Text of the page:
Beyond Logistics: Supply Chain Management

Product excellence fails to guarantee competitive advantage. Successful companies use supply chain partnerships to reduce costs and complement their products with basic and value-added services.

November 1 1994 by Alfred J. Battaglia


Is supply chain management on your agenda? If you are like most corporate chiefs, the answer is: probably not. In a recent survey of 35 CEOs by A.T. Kearney’s James E. Morehouse, executives most often ranked as their priorities initiatives such as cost reduction, investment decisions, strategic alignment, elimination of excess capacity, and global expansion. Further down the list was the notion of “extending,” which means supply chain integration with internal and external partners-including process integration-to get raw materials to the manufacturer and finished products to the consumer. According to the survey, CEOs fail to integrate their supply chain strategies for a number of reasons-among them are excessive workload and fragmented supply chain responsibilities. But in neglecting integration and the broader concept of supply chain management, you might be missing an opportunity to cut costs and boost customer service. SCM rests on the premise that product excellence alone fails to guarantee corporate success. In fact, customers expect many services, including the prompt delivery of products to precise locations with near-perfect administrative and physical quality.

Becton Dickinson derives a significant competitive advantage from SCM, an offshoot of the logistics function. The company evaluates its supply chain program against strategic imperatives involving productivity, quality, service development, and chain integration. Seeking integration, we engage in supply chain relationships; in one of these, we’ve paired with the health-care products firms, West Co. and Baxter International. We maintain that SCM-a true value-added process-is most effective when it is championed by both the CEO and a senior-level officer specifically designated to monitor SCM execution.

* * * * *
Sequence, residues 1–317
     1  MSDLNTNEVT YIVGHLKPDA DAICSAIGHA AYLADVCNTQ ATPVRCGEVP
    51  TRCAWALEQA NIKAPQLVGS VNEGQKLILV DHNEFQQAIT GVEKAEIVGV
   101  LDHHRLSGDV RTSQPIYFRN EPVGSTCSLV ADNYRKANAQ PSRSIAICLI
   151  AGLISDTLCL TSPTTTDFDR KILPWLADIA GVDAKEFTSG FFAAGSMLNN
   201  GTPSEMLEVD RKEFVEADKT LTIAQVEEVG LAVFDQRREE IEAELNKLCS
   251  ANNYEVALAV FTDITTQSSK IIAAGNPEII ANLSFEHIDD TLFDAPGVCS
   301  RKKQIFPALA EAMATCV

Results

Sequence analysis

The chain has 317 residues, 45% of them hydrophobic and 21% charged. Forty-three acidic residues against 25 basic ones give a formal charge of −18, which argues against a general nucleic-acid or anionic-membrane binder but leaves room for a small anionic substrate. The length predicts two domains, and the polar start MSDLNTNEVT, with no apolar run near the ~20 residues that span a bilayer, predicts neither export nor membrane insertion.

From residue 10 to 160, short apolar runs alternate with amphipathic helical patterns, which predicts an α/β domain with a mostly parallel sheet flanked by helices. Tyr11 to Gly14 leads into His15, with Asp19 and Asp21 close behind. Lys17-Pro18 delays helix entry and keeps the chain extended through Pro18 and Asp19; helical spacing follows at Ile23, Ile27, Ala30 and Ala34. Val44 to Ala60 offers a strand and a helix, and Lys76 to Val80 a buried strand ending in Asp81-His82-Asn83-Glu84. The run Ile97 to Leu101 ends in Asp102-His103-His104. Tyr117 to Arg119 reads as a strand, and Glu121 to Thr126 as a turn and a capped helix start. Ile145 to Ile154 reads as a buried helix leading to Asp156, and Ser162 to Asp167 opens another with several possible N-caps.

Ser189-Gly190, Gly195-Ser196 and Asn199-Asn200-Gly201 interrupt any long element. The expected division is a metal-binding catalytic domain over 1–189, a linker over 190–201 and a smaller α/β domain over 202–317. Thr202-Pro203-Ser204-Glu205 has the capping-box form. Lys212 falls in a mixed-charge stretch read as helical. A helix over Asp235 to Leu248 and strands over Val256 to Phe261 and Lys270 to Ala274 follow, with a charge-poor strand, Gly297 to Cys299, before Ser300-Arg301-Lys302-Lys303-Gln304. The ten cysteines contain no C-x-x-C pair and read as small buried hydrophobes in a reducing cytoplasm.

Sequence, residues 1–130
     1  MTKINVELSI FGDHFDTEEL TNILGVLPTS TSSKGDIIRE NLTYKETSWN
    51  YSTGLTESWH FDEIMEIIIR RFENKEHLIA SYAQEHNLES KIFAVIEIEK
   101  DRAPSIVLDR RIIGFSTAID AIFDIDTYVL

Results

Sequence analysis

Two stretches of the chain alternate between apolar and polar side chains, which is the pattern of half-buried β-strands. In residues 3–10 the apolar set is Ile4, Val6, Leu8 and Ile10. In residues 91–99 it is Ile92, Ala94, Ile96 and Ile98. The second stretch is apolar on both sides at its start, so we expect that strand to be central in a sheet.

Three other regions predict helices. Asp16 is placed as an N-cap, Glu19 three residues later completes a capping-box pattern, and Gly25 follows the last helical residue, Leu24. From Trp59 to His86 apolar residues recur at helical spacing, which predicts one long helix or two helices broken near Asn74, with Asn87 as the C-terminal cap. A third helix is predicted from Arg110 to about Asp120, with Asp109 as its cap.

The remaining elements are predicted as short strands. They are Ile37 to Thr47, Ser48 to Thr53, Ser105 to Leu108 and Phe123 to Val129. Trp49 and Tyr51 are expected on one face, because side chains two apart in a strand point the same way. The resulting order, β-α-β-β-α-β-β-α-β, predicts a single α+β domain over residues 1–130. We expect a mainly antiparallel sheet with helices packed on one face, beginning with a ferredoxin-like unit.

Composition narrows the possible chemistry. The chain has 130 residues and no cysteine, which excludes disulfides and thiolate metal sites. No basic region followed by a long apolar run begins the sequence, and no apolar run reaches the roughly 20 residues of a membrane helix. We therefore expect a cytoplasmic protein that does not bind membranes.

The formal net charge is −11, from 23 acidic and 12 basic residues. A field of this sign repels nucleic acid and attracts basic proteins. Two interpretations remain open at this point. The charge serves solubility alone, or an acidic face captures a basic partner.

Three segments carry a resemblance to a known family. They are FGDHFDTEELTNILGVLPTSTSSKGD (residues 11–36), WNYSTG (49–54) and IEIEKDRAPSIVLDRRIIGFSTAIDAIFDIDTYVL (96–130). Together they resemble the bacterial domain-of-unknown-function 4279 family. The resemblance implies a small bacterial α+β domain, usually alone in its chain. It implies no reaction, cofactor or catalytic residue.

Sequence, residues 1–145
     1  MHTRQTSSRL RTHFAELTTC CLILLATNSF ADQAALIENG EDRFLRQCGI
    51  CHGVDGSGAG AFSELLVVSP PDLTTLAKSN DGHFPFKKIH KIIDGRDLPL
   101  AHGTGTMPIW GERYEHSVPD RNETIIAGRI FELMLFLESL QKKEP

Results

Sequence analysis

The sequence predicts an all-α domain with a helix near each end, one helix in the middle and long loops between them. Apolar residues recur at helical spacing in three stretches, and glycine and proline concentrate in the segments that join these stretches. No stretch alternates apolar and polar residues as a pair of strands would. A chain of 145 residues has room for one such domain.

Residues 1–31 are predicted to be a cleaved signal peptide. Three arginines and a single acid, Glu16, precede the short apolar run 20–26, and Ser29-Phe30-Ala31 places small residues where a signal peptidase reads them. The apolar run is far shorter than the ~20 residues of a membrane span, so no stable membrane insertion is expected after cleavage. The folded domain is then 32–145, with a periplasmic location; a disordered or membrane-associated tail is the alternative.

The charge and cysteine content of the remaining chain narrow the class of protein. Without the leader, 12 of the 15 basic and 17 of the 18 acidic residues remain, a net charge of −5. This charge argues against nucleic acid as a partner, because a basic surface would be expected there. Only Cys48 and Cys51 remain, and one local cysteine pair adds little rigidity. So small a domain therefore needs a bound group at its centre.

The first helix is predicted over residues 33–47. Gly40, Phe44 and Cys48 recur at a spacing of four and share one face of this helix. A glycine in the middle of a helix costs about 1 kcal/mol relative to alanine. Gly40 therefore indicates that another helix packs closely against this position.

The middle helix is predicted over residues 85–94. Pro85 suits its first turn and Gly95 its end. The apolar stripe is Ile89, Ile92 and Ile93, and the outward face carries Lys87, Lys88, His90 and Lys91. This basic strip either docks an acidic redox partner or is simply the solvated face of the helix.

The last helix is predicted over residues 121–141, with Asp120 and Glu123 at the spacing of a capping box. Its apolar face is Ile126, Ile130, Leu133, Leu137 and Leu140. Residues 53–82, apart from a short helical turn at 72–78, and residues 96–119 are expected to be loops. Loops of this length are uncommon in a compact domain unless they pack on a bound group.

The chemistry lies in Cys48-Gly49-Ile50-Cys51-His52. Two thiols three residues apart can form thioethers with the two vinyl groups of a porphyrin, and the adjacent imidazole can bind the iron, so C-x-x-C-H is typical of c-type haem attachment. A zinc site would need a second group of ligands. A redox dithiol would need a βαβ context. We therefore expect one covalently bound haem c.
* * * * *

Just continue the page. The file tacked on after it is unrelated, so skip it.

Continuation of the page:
LOGISTICAL EVOLUTION

Most CEOs don’t understand the differences between logistics and supply chain management. In fact, the lineage runs like this: Such mundane areas as materials management and distribution have evolved into a more powerful function called logistics, which in turn has become an integral component of SCM.

The benefits of integrated logistics, a first-cousin of SCM, have been promoted by consultants and other experts for at least the past 15 years. Why haven’t CEOs gotten the message? Partly because some advocates of the concept ask such scintillating questions as, “Do you have plans to use bar coding or electronic data interchange?” “How do you manage your warehouses?” and other technical questions.

Boring. Instead, we should be asking questions with an immediately identifiable bottom-line impact:

€.If your company manufactures products, what services do your customers expect?

€.Does your delivery of these services meet the expectations of your customers-and exceed that of your competitors?

€.Do you realize that order processing and product fulfillment processes may cost more than 15 percent of sales? What programs does your company have in place to reduce these costs?

If you cannot answer questions like these, chances are that significant hidden opportunities are here waiting to be seized.

 

FROM LOGISTICS TO SCM

Logistics is a relatively new discipline. For decades, executives were more likely to think in terms of its component activities, such as forecasting, purchasing, production planning, or warehousing. Typically, these activities were managed in a fragmented manner. As a result, it was not uncommon to find them under separate functions, including sales, marketing, manufacturing, finance, and distribution.

But business processes cut across an organization’s functional and departmental boundaries. Take product development, a process that integrates areas including R&D, marketing, engineering, manufacturing, logistics, finance, and law. Leading-edge development goes beyond organizational boundaries, reaching out to suppliers and customers. Among the most important business processes in manufacturing companies are those that develop, produce, sell, process orders, and deliver products. SCM plays an important role in most of these processes.